|April 2000 Tech Feature||www.virtualindian.org|
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The Duesenberg of motorcycling which derived from the Henderson Four, changed to Ace, and finally became the Indian Four: all have the same crankshaft outline. This crankshaft is supported in the earlier types by three main bearings and along the way changed to a five main bearing crankshaft.
The main bearing consists of a bronze shell lined with babbitt, in English, white-metal. In 1839 invented by the American Isaac Babbitt, the first types of babbitted plain-bearings were a composition of mainly tin and small percentages of antimony and copper. This does not differ much from the babbitt we have nowadays, still used on shells for turbines, petrol and diesel engines and airplanes.
The advantage of babbitt as a bearing metal in a stationary contact (the bearing is fixed and the shaft rotates) is that this type of bearing does not score the shaft.
The babbitt is relatively soft, but strong enough to resist the bearing load. Babbitt also has a tendency to hold the oil. Hard particles can become imbedded in the soft babbitt without scoring the shaft journal.
A journal made of relatively soft steel can be used, on the condition that the difference between the hardness of the journal and the babbitt is at least 20% (the hardness of babbitt is around 25 brinell at room temperature). If there is not enough lubrication, babbitt, because of its composition still has a border lubrication ability. If lubrication fails completely, the babbitt will partly melt and does not damage the shaft journal. Its good wear resistance is due to the fact that hard copper-tin crystals are imbedded into a softer tin composition so they can adjust to the journal surface, but also resist the high pressure.
In the 30s the high price encouraged the development of a babbitt-type in which tin is partly changed by lead. So now we have a high tin content babbitt (more than 80% tin) and a lead-tin babbitt (tin content less than 80%). The specifications of a lead-tin (usually given at room temperature) seems at first sight good, but at higher temperatures hardness is better by 60% in a high tin content babbitt. At these higher temperatures the static and dynamic properties of a lead-tin babbitt can worsen. The material distorts. Hardness of a lead-tin babbitt can, for high temps, be improved by adding nickel and bronze. However, these very hard crystals can score the journal. A high lead content always lowers the specs but can be chosen if the bearing load is low. This type of babbitt also sets fast by rough use of the engine, so wear is significantly higher. A lead based babbitt is also less resistent against fluctuating forces. Lead is more prone to corrosion and less elastic than tin. The combination of a steel base together with a lead babbitt is not as good because of the great difference in thermal expansion between both materials. A high tin content babbitt is the best choice for engines of cars, four-cylinder motorcycles and airplanes, because it is more elastic so there is less wear. This type of babbitt allows more distortion at higher temps so there is less change in developing of microcracks. Cracks always evolve in the breaking away of babbitt.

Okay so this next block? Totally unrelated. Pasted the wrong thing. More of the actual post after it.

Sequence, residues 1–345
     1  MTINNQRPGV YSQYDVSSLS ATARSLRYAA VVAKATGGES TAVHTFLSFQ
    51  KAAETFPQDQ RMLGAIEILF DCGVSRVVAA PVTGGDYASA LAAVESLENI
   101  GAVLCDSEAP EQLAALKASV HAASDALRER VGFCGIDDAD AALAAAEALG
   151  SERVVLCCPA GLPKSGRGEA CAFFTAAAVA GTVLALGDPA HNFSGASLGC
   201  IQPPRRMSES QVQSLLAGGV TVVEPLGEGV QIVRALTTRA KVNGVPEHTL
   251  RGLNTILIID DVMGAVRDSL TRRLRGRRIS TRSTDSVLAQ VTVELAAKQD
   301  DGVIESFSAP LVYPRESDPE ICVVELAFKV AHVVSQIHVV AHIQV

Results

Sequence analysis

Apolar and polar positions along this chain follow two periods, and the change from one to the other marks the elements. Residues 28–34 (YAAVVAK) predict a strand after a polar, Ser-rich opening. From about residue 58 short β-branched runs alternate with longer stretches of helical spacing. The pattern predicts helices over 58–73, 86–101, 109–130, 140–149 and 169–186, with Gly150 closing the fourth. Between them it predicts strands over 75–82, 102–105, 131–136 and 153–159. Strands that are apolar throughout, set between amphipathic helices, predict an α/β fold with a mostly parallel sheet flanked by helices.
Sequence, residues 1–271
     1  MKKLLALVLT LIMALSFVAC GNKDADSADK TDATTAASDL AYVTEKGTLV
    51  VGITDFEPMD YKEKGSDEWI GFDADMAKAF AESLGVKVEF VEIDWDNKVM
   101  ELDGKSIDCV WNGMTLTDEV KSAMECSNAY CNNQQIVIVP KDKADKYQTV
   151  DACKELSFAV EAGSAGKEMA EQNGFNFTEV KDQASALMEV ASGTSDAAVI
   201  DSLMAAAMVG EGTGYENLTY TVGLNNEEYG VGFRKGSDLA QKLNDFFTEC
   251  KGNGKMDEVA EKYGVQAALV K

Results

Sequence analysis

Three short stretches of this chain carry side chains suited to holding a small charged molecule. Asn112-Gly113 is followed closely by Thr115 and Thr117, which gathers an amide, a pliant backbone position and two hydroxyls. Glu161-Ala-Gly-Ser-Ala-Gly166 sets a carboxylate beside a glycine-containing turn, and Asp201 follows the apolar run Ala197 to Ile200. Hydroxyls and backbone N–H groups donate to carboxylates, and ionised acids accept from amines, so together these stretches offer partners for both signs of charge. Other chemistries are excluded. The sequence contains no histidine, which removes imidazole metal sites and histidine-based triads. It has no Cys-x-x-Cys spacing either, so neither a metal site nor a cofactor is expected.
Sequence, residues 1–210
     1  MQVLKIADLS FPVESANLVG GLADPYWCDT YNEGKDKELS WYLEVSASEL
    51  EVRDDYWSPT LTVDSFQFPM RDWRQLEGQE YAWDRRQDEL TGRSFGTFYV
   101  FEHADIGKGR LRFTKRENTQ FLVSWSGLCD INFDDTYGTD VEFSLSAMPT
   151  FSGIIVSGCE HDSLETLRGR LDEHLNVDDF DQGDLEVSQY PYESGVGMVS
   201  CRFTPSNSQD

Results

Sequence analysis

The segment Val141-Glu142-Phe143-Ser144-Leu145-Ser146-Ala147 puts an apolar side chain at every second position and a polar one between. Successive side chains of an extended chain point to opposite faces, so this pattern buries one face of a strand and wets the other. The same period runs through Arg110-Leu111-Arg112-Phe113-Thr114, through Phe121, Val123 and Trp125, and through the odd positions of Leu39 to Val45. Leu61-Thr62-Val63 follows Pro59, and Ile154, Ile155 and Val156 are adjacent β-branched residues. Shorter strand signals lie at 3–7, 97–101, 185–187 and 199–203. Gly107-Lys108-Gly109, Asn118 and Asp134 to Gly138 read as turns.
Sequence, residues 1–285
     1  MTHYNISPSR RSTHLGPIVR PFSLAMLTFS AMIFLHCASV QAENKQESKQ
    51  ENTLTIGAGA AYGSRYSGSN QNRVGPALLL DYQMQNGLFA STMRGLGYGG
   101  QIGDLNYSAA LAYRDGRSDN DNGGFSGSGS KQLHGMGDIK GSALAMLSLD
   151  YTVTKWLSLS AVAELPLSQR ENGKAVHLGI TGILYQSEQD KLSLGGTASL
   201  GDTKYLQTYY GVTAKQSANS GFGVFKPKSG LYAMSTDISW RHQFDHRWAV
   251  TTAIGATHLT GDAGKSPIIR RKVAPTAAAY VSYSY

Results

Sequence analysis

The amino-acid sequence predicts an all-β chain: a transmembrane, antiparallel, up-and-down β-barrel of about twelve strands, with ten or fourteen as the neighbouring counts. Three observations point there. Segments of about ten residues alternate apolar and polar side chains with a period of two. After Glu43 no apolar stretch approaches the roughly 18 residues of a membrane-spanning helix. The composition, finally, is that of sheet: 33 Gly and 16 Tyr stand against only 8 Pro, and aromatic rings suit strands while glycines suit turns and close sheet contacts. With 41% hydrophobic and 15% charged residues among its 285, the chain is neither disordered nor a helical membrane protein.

Every manufacturer has its own "recipe" for the different types, more or less copper, antimony or arsenic to get a small crystal structure and better specifications of the material.
For American four-cylinder engines I prefer to use a babbitt type which is also used in Rolls Royce airplane engines. It is the ultimate quality. When an engine is not equipped with an oil cooler, temperature can rise considerably which influences specifications a lot. An airplane quality babbitt keeps its specs also at a higher temp, so it is very advisable to use it also in vintage racing cars.
The pouring/casting of babbitt.
A babbitt bearing can be made by pouring
the babbitt into a mould (the shells) or by casting with centrifugal force
(special machine). This is done only after the shell has been thoroughly